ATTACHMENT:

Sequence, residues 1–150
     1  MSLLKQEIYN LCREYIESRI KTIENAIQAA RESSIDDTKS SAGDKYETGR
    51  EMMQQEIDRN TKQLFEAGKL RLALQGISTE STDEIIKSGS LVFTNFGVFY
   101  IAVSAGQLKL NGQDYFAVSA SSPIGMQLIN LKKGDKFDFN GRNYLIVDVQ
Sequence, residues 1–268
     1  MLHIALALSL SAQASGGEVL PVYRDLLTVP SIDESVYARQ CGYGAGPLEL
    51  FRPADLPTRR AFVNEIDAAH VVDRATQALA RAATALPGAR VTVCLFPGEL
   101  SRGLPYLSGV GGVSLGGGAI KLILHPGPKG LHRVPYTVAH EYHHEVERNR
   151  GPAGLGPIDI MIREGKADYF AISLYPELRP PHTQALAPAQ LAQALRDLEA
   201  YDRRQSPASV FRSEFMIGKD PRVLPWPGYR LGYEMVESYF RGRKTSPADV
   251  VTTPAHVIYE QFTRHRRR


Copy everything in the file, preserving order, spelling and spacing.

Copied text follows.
Sequence, residues 1–150
     1  MSLLKQEIYN LCREYIESRI KTIENAIQAA RESSIDDTKS SAGDKYETGR
    51  EMMQQEIDRN TKQLFEAGKL RLALQGISTE STDEIIKSGS LVFTNFGVFY
   101  IAVSAGQLKL NGQDYFAVSA SSPIGMQLIN LKKGDKFDFN GRNYLIVDVQ
Sequence, residues 1–268
     1  MLHIALALSL SAQASGGEVL PVYRDLLTVP SIDESVYARQ CGYGAGPLEL
    51  FRPADLPTRR AFVNEIDAAH VVDRATQALA RAATALPGAR VTVCLFPGEL
   101  SRGLPYLSGV GGVSLGGGAI KLILHPGPKG LHRVPYTVAH EYHHEVERNR
   151  GPAGLGPIDI MIREGKADYF AISLYPELRP PHTQALAPAQ LAQALRDLEA
   201  YDRRQSPASV FRSEFMIGKD PRVLPWPGYR LGYEMVESYF RGRKTSPADV
   251  VTTPAHVIYE QFTRHRRR